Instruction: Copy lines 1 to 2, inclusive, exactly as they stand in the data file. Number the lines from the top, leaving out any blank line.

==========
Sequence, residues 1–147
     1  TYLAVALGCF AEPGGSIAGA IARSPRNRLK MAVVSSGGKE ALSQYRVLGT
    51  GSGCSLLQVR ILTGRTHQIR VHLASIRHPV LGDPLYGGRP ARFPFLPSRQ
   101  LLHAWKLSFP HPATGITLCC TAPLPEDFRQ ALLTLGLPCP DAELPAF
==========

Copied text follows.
Sequence, residues 1–147
     1  TYLAVALGCF AEPGGSIAGA IARSPRNRLK MAVVSSGGKE ALSQYRVLGT